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Even at $699, the system was technically a "bargain" compared to purchasing a PC at retail to play the latest PC games.  Most new PC's back then, with a monitor, cost $1500-$2000 easy.  Sure DIY was cheaper but most people didn't build their own.  However, with 3DO all you got were game playing, as the 3DO could not do any of the other functions teen/young adult PC users were just getting into (infancy of the Internet - AOL/Compuserve style chat apps - email - world processing).  Furthermore, even the FZ-1's were slashed by Panasonic to $499 within six months. 

 

The timing wasn't great, because gamers were still very leery of new players in the market.  The market was inundated with high priced offerings including Neo Geo, Jaguar, CD-i, all flopping, as well as the SegaCD for that matter.  $699 was too extreme, heck $499 too, for buyers who would have carried anxiety about spending that kind of money, and not having access to prominent publishers of the time.  I do think the timing was somewhat ripe for an alternative though, in the "multimedia range," but like I said, 3DO just didn't do it all.  I myself was in the market by fall '94 for something beyond 16-bit and arcade conversions, moving more towards simulations.  I remember seriously checking the 3DO out at Nobody Beats the Wiz that summer, but it didn't seem to be getting anything I was interested in (Lucasarts X-Wing/Tie Fighter, Papyrus NASCAR/IndyCar, EA/Janes), so I held off and dropped a bunch on an AST 486 which could play those.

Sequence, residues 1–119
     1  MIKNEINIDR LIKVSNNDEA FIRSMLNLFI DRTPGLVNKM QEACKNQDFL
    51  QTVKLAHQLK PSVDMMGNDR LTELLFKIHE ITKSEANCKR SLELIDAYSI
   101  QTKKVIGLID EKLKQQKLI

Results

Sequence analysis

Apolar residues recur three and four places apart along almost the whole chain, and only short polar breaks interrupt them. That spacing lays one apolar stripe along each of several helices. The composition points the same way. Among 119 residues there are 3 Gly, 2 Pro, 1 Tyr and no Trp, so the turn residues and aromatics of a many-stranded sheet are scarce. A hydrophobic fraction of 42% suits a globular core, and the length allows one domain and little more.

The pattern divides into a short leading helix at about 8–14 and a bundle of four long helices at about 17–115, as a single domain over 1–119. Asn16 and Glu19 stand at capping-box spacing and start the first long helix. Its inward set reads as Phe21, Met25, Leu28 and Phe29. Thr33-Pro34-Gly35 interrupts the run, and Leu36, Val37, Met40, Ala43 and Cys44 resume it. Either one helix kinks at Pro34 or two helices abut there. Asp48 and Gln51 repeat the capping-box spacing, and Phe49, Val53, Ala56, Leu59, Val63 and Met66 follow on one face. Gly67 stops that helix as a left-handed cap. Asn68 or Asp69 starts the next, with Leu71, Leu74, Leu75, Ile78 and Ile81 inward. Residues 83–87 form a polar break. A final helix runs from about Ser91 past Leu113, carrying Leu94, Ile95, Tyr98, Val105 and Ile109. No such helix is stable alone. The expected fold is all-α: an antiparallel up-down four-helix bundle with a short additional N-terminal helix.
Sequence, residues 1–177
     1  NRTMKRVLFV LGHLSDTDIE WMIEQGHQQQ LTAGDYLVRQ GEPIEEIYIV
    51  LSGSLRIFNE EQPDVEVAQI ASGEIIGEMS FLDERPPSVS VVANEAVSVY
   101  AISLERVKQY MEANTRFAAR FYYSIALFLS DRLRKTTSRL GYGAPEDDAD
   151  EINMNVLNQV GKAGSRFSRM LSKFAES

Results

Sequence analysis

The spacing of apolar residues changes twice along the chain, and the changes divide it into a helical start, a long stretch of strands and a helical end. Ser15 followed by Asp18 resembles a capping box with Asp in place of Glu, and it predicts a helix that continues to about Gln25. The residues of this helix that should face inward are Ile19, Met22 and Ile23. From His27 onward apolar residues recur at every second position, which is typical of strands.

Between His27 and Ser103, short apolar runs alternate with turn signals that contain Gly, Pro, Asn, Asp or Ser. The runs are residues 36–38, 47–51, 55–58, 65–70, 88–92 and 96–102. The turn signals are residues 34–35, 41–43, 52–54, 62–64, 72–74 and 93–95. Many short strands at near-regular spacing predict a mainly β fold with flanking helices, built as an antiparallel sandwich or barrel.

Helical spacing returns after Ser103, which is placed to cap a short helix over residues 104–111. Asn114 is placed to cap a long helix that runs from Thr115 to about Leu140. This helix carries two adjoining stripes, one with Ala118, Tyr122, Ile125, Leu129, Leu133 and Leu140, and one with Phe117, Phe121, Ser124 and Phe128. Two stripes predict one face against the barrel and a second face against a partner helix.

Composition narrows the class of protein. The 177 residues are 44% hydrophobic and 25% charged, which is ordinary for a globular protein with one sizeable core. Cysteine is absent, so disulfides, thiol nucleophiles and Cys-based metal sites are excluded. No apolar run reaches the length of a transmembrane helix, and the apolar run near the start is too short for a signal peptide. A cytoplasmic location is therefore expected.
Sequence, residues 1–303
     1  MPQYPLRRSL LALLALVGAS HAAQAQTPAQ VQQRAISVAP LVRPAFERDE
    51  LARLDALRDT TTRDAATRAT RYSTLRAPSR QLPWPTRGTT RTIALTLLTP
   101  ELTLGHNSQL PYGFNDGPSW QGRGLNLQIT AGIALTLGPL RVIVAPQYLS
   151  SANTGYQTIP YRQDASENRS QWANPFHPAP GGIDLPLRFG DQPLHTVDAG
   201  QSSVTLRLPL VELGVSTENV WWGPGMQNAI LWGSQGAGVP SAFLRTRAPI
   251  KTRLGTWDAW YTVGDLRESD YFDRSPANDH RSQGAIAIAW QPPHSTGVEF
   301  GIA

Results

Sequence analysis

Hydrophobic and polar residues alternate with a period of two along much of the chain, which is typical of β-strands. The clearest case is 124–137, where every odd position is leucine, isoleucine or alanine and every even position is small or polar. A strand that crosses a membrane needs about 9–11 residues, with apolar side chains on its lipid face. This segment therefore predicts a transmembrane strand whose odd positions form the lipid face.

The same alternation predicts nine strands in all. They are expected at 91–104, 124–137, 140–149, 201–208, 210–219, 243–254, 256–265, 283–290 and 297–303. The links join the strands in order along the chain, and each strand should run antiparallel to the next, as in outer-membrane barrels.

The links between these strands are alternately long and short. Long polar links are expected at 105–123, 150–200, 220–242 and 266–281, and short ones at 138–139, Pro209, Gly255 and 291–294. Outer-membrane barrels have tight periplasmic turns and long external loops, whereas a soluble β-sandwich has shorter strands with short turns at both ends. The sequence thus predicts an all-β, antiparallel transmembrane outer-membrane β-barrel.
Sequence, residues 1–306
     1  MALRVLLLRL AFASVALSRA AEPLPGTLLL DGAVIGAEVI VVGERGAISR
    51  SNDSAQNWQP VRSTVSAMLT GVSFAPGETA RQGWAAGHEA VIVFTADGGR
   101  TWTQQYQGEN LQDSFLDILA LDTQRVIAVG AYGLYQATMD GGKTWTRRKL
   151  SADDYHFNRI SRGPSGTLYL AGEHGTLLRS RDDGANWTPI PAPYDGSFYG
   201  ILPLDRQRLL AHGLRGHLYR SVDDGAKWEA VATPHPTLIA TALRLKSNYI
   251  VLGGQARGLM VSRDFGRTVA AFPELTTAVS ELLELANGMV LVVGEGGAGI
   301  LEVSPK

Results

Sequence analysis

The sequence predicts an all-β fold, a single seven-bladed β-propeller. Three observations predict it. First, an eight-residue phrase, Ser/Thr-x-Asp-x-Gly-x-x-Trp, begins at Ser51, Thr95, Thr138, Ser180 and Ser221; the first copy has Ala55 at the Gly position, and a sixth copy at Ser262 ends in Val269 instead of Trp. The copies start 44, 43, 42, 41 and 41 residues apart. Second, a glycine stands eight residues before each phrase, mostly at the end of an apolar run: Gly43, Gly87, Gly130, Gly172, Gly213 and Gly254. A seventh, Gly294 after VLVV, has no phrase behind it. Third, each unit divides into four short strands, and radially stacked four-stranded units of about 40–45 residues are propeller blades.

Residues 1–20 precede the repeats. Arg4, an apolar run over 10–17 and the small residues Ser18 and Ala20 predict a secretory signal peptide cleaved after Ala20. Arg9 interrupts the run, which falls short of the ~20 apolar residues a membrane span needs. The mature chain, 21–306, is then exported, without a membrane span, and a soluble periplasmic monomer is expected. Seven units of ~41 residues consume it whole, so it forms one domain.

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Back when it was released this was a premium quality thing....ala the likes of the Neo Geo.

 

Nobody said that you had to buy it for $699. But...man did you want it :)

 

That being said, I purchased the 3DO on launch and at the time it was really impressive. It felt like an extremely high quality piece of equipment with a high price of admission to boot. But, I was doing OK back in those days and I was able to muster the cost. Really glad I did too as there were some really great experiences on that machine that I would have missed out on otherwise.

 

 

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I remember wanting to get the 3DO myself.  Personally, I was prepared to give up my Sega Genesis and/or TurboGrafx-16 with CD-ROM to try and get one.  However, when the initial price came out it pretty much killed my desire to get one thinking it just wasn't worth it at that point.

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On 12/30/2021 at 12:49 AM, Frozone212 said:

Sorry for copping the AVGN's quote but for real, How the hell was that price justifiable. It's like sony releasing the PS1 for $900 and expecting us to bend over backwards.

It makes no sense from any standpoint. All it would serve is to lock the playerbase to the ultra rich. Kind of a stupid move TBH.

thoughts?

It doesn't make sense. I remember buying one, and the 2-card ISA 3DO-in-your-PC setup. I only had a few games for it. Nothing that wasn't better natively on the PC.